I am blessed with many vivid memories of my childhood. I remember the first time I looked through a pair of binoculars. It was a cheap, pop-up pair that my dad bought me at what used to be called the Ice Capades, which was an older version of the traveling ice-skating programs we see today. I was fascinated that just by looking through the lens it appeared that I could reach out and touch the skaters. I literally spent hours gazing through those binoculars until my dad would make me put them away for a while.
Another memory is not so pleasant. I remember I hated being sent to my room for misbehaving. My parents called it “being grounded”. It meant I couldn’t leave my room until they were convinced I had learned my lesson. In the late 60’s we didn’t have T.V., computers, cell phones, video games, or any of the other “in room” entertainment devices of today. So, being grounded meant staying put with nowhere to go and nothing to do.
When I read Acts 1:6-11, I see the beginnings of the early church being tempted toward being grounded or gazing. Verse 6 says, “So when they had come together, they were asking Him, (the risen Christ) Lord, is it at this time You are restoring the kingdom to Israel?” That is a grounded question asked by disciples with a grounded mindset. It has been forty days since Jesus rose from the grave. He spent His time appearing to His followers, speaking to them about the glories of a kingdom that would reside in each one of them once the Holy Spirit came.
But here they are thinking in physical rather than spiritual terms. They were seeking what amounted to a political solution to their plight. They wanted Jesus to remove the iron boot of Roman rule and establish an earthly kingdom where He would rule on the throne of David and restore the glory of Solomon. They longed for the good old days when Israel had conquered its neighbors and the whole world came to Jerusalem to pay homage and to seek wisdom from Solomon.
Many in the church today have the same grounded mentality. They spend much time talking about and longing for the good old days when the church was the center of the community and ministers were considered to be wise community leaders. The church had a tremendous amount of influence from Hollywood to Hoboken. People lined up on Sunday to go to church as the whole town shut down in honor of the Lord’s Day. During the week, people lined up to see Charlton Heston bring Moses and Ben Hur to life on the silver screen. Movies with titles like, The Greatest Story Ever Told, The Robe, and Quo Vadis won hearts in the theaters and Oscars at the Academy Awards. It was a time when the Gospel was, as Paul told Timothy, “in season.”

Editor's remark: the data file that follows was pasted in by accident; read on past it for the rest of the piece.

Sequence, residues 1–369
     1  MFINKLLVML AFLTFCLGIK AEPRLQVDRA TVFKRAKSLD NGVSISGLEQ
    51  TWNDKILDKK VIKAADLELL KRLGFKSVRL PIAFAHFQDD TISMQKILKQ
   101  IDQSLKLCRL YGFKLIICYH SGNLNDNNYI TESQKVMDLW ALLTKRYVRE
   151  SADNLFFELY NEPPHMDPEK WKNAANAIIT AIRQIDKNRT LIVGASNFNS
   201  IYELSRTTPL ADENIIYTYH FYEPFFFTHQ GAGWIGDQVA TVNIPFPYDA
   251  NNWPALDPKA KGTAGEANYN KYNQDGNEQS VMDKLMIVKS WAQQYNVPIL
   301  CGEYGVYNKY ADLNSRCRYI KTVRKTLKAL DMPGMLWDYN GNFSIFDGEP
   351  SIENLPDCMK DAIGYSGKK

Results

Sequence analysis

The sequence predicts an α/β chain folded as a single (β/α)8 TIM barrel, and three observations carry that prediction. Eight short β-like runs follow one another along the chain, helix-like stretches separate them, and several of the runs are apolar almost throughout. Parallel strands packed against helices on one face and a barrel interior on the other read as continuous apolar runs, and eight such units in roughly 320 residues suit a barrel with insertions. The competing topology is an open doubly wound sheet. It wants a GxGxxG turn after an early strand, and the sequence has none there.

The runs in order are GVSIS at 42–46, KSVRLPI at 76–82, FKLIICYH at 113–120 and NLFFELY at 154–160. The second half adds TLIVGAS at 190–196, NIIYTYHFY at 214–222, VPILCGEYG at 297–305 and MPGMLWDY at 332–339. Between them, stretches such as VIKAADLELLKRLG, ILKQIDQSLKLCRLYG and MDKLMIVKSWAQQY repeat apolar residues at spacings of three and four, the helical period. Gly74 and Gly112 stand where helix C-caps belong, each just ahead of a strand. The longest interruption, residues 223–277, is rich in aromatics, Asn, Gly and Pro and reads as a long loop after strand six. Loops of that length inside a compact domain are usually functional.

But now the Church is no longer the most powerful influence in the community. Ministers are often suspect and Hollywood has turned organized religion into the d “the devil with the blue dress on.” What are we to do? If we sit in our pews and long for the good old days we will be a grounded church. We will lose what little influence we have left in the world. We must follow the advice of a t-shirt I saw last week. Its message was as simple as it was profound. It said, “The Church has left the building.”
If the 21st century church is going to transform the culture we have to leave the building. We must go where the people are, build a bridge of fellowship, and demonstrate the love of Christ even as we gently warn that to reject His love is to eventually feel His wrath.
Later in Acts 1, the disciples are caught gazing up into the sky where they saw Jesus ascend. Verse 10 says, “And as they were gazing intently into the sky while He was going, behold, two men in white clothing stood beside them. They also said, Men of Galilee, why do you stand looking into the sky?” The disciples had been given their instructions. They were to go to Jerusalem and wait for the coming of the Holy Spirit. It was not a time for gazing, being spellbound by the glorious sight of Jesus. It was time for action. It was time to go to the place where the power from Heaven would be poured out in abundant supply. Verse 8 carries the promise, “But you will receive power when the Holy Spirit has come upon you; and you shall be My witnesses both in Jerusalem, ad in all Judea, and Samaria, and even to the remotest part of the earth.” As I heard one old country preacher say, “They needed to go to the spout where the glory comes out!”
Gazing into heaven can be a good thing if we make sure it doesn’t become the only thing. There was nothing wrong with me being fascinated with the binoculars to the point of wanting to spend some of my time gazing. The problem arose when gazing was all I wanted to do. There is nothing wrong with a church that gazes longingly into heaven, falling before a holy God, asking as Moses asked to see just “a glimpse of His glory.” But it is easy to give in to the temptation to do nothing but gaze. We lose our touch with the people God has called us to reach if we become so enraptured by His glory we forget to reflect His glory to the world.
While believers should always be informed about the issues facing our society in the political arena and we should be good citizens by voting according to the standards of God’s Word, we must never trust in a political solution for our spiritual condition. While we should revere the past we should see it as a signpost and not a hitching post. The 21st Century Church must be found neither grounded nor gazing but rather greatly empowered by the Holy Spirit, fulfilling the call to be His witnesses “event to the remotest part of the earth.”
Dr. Tony Beam is Vice-President for Student Services and Director of the Christian Worldview Center at North Greenville University in Tigerville, South Carolina.